They say they've done so by building a man-made island in a southeast Oregon lake where the terns are coming to gorge on other types of fish besides the federally protected and highly prized Columbia River salmon, The Oregonian newspaper reported Tuesday.
It said the new island on Crump Lake, southeast of Lakeview, Ore., has attracted 50 nesting pairs of terns and as many as 520 individuals, some of which have been identified through leg bands as former frequenters of the Columbia River estuary where they consumed up to 12 million salmon and steelhead in a single year.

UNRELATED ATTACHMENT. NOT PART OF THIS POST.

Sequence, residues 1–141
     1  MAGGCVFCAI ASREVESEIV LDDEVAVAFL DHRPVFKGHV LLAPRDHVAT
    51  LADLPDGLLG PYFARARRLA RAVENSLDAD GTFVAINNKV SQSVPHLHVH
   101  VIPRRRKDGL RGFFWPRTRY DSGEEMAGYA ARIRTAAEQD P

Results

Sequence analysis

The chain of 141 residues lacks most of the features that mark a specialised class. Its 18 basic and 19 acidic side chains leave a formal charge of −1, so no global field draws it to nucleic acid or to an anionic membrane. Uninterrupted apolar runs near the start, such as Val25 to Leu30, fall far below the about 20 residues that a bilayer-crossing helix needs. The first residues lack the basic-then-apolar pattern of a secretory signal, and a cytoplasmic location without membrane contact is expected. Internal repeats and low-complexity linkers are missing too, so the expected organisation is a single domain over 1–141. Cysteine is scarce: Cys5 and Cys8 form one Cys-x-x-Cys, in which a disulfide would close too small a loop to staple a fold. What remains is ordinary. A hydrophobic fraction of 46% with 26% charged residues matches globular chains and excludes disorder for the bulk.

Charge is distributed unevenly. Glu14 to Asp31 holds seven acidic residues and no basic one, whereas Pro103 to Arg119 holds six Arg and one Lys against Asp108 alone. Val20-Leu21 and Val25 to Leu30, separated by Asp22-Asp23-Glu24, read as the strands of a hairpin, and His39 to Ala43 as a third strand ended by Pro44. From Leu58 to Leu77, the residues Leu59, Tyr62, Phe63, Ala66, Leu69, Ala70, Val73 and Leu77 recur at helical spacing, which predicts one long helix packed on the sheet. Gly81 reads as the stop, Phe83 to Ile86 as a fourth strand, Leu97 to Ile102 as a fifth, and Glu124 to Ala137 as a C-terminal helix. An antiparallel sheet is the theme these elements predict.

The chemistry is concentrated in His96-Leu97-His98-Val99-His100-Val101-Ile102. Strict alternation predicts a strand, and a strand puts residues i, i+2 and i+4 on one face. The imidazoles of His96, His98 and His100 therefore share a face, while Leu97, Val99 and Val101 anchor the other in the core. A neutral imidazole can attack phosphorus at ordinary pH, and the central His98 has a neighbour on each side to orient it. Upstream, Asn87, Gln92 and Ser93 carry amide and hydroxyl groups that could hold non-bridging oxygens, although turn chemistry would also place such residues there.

"I'm pleasantly surprised at how popular the new island has become," Dan Roby, an Oregon State University professor of fisheries and wildlife, told the newspaper.
Scientists said they think the terns congregated in the estuary because their nesting grounds elsewhere have been destroyed by human activities. Officials had hoped to create a new nesting site for them far from the salmon routes.